It’s almost like we’re all one big family.

Ugh. Yeah. Sorry. That was too much. 

Dub or Sub?: As I said, the English voice cast is top-notch. Everybody puts their all into some truly emotional scenes. But the film is very Japanese. The card game of Hanafuda is an integral plot point. So this remains a toss-up.
Online Availability: I’m sorry to say, based on my Google searches, Summer Wars does not appear to be available for free online in an “official” capacity. But uh…at the time of this writing…you might search Youtube and find something.
Buy on Amazon



Getting back into some action now, Baccano! is probably the strangest series on this list. I mean it’s got a damn exclamation point in the title, which translates to “ruckus” or “turmoil” in Italian. Roughly set in the early 1930’s, Baccano! follows an extensive list of characters and connections, some essential to the overall plot, while others exist primarily on the sidelines. It’s a wild ride and trying to describe to the full story here would be an effort in futility and would also spoil some major plot points. Suffice to say, everyone from a young mafioso, to a group of ineffectual robbers and a sadistic hit man cross paths with magical forces beyond their understanding. Also, you just can’t beat the jazzy opening song.

The series jumps around time with each arc, but each group of episodes connects to the previous one. The show is also contains a delightful example of what I call “Anime Western Names”, which range from the believable (Keith Gandor), to the weird (Chane Laforet), to the utterly absurd (Szilard Quates). Overall, it’s delightfully underrated little show, with a sense of mysticism that few other series pull off. But if that’s not your cup of tea, there’s also Ladd Russo.

Ladd fucking Russo.

Dub or Sub?: Here we have another series where nearly everyone is Western in some capacity. These people are supposed to be speaking English, so it just sounds good to hear it.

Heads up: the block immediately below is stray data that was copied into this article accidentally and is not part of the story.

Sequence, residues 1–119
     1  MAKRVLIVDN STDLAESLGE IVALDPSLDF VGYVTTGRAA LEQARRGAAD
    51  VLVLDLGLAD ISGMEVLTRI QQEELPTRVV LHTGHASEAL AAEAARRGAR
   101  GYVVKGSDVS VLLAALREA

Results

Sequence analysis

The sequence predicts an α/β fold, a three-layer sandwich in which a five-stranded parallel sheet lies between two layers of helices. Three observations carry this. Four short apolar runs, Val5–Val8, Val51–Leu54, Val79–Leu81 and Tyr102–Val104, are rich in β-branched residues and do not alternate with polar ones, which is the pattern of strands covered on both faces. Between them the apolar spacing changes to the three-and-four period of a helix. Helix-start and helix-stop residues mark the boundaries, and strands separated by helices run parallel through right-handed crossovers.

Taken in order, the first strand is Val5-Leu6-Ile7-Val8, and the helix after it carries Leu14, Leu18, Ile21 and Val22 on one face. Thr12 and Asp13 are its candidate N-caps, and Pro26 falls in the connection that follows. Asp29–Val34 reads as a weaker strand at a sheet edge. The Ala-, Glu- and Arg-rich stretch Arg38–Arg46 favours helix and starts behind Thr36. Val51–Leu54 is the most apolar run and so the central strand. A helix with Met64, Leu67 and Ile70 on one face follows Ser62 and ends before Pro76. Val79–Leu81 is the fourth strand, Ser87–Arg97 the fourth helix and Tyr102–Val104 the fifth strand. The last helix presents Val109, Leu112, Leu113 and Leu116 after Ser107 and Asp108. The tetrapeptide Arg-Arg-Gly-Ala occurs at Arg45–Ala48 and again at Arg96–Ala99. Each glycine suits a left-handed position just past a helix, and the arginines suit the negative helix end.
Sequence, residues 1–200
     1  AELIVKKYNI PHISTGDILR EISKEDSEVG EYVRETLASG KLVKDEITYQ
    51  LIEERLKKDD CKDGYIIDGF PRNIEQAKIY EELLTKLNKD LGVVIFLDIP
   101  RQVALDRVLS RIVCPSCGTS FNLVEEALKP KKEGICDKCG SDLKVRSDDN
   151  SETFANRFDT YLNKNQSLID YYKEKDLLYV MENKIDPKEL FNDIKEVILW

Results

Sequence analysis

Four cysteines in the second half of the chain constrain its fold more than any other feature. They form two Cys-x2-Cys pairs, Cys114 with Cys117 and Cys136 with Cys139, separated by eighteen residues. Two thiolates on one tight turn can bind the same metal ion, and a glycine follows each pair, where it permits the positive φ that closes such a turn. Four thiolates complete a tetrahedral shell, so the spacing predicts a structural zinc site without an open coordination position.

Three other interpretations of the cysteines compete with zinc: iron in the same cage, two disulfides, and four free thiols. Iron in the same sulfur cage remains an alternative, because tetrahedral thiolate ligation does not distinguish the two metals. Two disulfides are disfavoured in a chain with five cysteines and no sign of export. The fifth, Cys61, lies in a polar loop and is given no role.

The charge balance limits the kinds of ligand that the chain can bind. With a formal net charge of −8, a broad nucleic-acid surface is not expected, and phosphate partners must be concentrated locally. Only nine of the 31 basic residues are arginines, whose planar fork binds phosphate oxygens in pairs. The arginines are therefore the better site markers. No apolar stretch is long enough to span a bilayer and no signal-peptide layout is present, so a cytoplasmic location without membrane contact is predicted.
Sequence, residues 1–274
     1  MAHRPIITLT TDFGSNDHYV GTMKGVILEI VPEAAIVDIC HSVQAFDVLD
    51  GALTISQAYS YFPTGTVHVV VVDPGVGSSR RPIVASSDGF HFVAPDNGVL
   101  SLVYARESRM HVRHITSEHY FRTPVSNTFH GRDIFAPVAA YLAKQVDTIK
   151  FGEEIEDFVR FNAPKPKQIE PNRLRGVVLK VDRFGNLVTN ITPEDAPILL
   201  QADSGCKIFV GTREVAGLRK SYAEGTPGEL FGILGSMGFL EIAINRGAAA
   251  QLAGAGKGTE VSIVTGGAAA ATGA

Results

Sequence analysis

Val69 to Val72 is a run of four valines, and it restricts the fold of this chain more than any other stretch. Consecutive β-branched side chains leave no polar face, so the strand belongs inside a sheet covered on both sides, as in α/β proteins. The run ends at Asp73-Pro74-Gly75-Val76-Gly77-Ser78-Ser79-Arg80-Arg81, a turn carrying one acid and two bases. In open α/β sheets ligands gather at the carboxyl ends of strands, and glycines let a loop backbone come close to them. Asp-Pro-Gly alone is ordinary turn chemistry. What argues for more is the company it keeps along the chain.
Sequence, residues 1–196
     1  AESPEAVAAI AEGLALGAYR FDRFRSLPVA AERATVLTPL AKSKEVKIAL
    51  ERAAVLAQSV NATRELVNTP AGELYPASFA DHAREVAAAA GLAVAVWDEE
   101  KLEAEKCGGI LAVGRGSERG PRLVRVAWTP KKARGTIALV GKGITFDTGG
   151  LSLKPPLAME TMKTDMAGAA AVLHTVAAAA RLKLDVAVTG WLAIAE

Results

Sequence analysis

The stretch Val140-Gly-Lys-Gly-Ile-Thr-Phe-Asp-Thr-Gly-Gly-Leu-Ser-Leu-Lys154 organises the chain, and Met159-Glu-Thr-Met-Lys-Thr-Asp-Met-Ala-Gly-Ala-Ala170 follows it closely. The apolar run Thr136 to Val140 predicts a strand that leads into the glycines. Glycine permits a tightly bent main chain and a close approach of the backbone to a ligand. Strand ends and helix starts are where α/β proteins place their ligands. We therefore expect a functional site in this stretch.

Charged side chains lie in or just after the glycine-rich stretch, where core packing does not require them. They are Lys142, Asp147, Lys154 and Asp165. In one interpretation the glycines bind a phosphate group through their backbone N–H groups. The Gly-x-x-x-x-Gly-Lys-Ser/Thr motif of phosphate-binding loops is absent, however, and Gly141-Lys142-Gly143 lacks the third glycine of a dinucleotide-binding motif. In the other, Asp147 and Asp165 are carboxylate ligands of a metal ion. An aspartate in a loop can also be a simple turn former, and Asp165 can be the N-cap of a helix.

Online Availability: Baccano’s obscure enough that Hulu doesn’t really bother to limit it. Every episode, dub and sub, is available to watch. Which is good, as the blu-ray release appears to be out of print. Going for over a hundred dollars on Amazon.
Buy on Amazon

Samurai Champloo

Samurai Champloo

Cowboy Bebop is not on this list, as it’s such an obvious choice and I wanted to shed light on some lesser known series. By all means, if you haven’t seen Shinichiro Watanabe’s jazz-influenced sci-fi classic, get on that. And watch it dubbed if you can. But while Bebop is nearly a household name, Samurai Champloo, from the same director doesn’t get nearly as much love for its hip-hop & samurai story. The series opens with a fantastic statement of intent. “This work of fiction is not an accurate historical portrayal. Like you care. Now shut up and enjoy the show.”When your show includes a beatboxing samurai and the first game of baseball between Americans and samurai, you kind of need a disclaimer.

Champloo Fight

But especially as the series goes on, it becomes progressively more serious in tone, dealing with Christian persecution and the age of the samurai ending. It’s almost like Red Dead Redemption in tone, but with katanas rather than rifles. I haven’t even mentioned the characters, such as Mugen, a rude and nihilistic vagabond who lives only to eat and fight. Jin, a refined, taciturn samurai who is running from his past. And Fuu, a teenage girl who recruits the pair of them to help her search for “a samurai who smells of sunflowers”. Combined with terrific animation (especially in the frequent swordfights) a brilliant hip-hop soundtrack and great dub, Samurai Champloo is well-worth your attention.